For photo-doubling work, it’s helpful to include somewhere on your résumé your basic measurements (height, weight, bust/hips/waist, etc.) and general clothing sizes (dress or shirt, jacket, pants, shoes, etc.).

Formatting Your Résumé

Your stand-in résumé will more resemble an actor’s résumé than a business résumé.  Your stand-in résumé will feature a large heading showing your professional name.  Just below your name will be your contact information and union affiliations, along with your measurements and clothing sizes.  Below this section will be columns displaying your work experience.  Any supplemental work experience (special abilities, talents, training, etc.) rounds out your stand-in résumé.

Listing Your Work Experience

A straightforward way to list work experience on your stand-in résumé is by creating two columns. In the first column, list the names of the actors for whom you have stood in. Line it up next to a second column in which you list the name(s) of the project(s) on which you stood in for the actor.

Ordering Your Work Experience

The most recent project would generally be placed at the top followed in order by previous projects, much like listing job experience on a standard work résumé. Listing the dates of the projects is optional as well. It may be to your advantage to list dates if you stood in on a project long-term, such as for several seasons of a television show. This information could be added to a third column.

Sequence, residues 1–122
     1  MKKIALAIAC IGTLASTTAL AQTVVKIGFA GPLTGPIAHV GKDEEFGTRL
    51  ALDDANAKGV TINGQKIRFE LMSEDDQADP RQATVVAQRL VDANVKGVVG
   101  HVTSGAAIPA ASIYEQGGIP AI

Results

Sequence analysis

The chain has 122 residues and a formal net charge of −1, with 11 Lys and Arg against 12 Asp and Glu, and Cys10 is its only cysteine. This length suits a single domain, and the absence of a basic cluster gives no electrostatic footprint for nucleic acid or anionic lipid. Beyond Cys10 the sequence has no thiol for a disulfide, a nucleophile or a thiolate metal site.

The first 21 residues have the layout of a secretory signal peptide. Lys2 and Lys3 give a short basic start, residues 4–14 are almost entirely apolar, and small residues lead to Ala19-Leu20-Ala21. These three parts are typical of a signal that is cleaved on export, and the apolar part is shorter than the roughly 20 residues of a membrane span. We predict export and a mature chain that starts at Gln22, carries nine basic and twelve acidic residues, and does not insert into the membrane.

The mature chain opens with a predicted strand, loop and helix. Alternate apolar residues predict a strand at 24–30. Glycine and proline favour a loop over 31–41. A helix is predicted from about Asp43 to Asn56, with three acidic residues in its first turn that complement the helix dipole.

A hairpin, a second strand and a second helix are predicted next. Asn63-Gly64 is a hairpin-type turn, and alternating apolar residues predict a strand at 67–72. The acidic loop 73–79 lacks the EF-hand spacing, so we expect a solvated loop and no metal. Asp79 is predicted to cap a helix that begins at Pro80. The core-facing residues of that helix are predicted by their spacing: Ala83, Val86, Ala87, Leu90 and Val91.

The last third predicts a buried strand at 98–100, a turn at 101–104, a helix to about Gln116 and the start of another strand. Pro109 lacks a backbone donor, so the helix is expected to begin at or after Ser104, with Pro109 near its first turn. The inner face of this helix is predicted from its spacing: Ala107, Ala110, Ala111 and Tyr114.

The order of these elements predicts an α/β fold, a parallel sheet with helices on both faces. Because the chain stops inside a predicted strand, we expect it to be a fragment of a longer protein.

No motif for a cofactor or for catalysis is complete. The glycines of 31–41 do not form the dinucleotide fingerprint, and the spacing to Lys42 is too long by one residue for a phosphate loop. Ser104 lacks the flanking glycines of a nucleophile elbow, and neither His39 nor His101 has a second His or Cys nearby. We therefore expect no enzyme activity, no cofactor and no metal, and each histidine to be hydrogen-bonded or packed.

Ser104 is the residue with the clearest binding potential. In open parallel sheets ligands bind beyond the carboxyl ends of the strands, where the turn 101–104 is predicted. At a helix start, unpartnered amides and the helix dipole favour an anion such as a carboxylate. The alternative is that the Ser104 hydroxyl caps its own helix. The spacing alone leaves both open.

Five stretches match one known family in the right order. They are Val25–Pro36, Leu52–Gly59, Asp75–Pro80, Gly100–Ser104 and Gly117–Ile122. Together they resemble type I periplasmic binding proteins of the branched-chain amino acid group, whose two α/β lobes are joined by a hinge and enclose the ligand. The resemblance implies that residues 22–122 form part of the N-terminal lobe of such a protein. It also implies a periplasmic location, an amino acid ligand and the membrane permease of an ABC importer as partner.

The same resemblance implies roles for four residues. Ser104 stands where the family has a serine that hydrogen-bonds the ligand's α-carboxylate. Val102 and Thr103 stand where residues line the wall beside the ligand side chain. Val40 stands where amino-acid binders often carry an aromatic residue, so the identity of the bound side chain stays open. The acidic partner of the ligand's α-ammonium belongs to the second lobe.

Film vs. Television

Listing your stand-in experience on films separately from your stand-in experience on television projects is up to you. Unless you’d like to fill out the page more, it’s acceptable to list everything in one category.


You may want to note projects on which you only worked only as a photo-double for an actor and not as the actor’s stand-in.  “Photo-Doubling” is an optional section you could that would help fill out your résumé.

Get Started!

Sample Résumé (Adobe .pdf)
Click here to view a sample stand-in résumé to guide you in creating your own.

Résumé Template (Word .doc)
Click here to download a template for creating your own stand-in résumé.

Sample résumé and résumé template created by Ben Hauck.

Have fun with your résumé! Since there is no formal standard stand-in résumé format, you can make it your own. Keep in mind that there is a lot of optional information to add or not to add, so set up your résumé in the way that promotes you the best.